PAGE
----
Sociometric Status Definition
Sociometric status refers to how much a child is liked and noticed by peers. It reflects a broader categorization of peer acceptance than simple friendships. Sociometric categories include popular, rejected, neglected, controversial, and average children. Sociometric status is important because peer relations play a significant role in the social and emotional development of children.
Sociometric Status Evaluation
Sociometric status is evaluated by asking children to nominate the peers whom they most like and dislike, rate each peer on a scale ranging from like very much to dislike very much, or indicate their preferred playmates from among different pairs of children. Teachers, parents, and researchers also can provide their observations. Researchers use these positive and negative nominations to categorize each child’s sociometric status.
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Popular children receive many positive and few negative nominations. They are well liked by others. Popular children are cooperative, sociable, friendly, and sensitive to others. Although they are assertive and capable of using aggression, they exhibit few disruptive and negative behaviors. Instead, they appear to use their social skills to get what they want without resorting to aggression. Popular children also tend to show high levels of academic and intellectual abilities. Children, teachers, and parents generally agree which children are popular. Overall, popular children are skilled in initiating and maintaining positive social interactions and relationships.
Rejected children receive many negative and few positive nominations. They are actively disliked. Rejected children exhibit fewer positive social skills and traits than do children in the other groups, and they show weaker academic and intellectual abilities. Recent research indicates two types of children who are rejected: Children who display disruptive and aggressive behavior, and children who are socially anxious and withdrawn.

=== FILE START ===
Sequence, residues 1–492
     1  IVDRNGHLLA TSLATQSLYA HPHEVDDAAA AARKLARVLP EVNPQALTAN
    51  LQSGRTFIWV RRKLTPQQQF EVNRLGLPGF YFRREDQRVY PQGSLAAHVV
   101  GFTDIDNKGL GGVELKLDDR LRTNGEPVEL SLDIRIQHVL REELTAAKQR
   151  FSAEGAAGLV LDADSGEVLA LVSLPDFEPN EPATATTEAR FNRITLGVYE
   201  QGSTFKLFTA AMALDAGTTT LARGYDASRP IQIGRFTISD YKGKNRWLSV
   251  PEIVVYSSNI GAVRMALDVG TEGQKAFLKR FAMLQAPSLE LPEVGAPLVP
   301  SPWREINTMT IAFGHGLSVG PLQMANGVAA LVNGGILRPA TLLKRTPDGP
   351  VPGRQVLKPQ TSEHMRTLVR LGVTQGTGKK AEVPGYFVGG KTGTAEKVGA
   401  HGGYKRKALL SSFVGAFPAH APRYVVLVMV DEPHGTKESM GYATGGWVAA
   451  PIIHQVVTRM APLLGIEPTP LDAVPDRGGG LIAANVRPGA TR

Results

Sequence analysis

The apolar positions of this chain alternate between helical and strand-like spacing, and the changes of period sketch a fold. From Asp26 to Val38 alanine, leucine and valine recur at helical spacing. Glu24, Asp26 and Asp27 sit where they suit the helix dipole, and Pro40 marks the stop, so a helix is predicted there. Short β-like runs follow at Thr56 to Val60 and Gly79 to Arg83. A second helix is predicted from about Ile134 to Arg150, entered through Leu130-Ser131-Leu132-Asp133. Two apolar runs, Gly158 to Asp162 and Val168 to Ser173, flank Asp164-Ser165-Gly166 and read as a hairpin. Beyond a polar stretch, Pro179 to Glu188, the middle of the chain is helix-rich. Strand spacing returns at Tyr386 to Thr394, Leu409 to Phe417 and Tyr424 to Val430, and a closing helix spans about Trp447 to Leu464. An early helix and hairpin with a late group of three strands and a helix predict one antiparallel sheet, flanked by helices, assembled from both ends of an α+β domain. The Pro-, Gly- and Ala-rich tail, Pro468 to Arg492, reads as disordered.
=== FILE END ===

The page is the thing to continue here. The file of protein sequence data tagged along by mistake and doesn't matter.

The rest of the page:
Children in the rejected-aggressive group display high levels of hostile and threatening behavior, physical aggression such as pushing and fighting, and disruptive behavior such as breaking rules. They also may display a hostile attribution bias or a tendency to assume that other children have hostile intentions in ambiguous situations. For example, if one child drops an art project and a second child steps on it before it can be retrieved, the scenario is ambiguous; it is unclear whether the second child stepped on it on purpose or by accident. Although nonrejected children recognize the ambiguity, rejected-aggressive children may assume that the negative act was purposeful, subsequently responding with aggressive retaliation. This aggressive retaliation is perceived as unwarranted by those who recognized the situational ambiguity, which feeds into the cycle of peer rejection.
Other children may be rejected because they display socially anxious behavior. These children are not overly aggressive. Rather, they are timid and wary in social situations, leading to uncomfortable, awkward interactions. Peers may find it difficult to predict how these children will act and may be less willing to approach them. Socially anxious children may then withdraw from future social situations. Rejected-withdrawn children appear to lack the social skills that make smooth interactions with peers possible.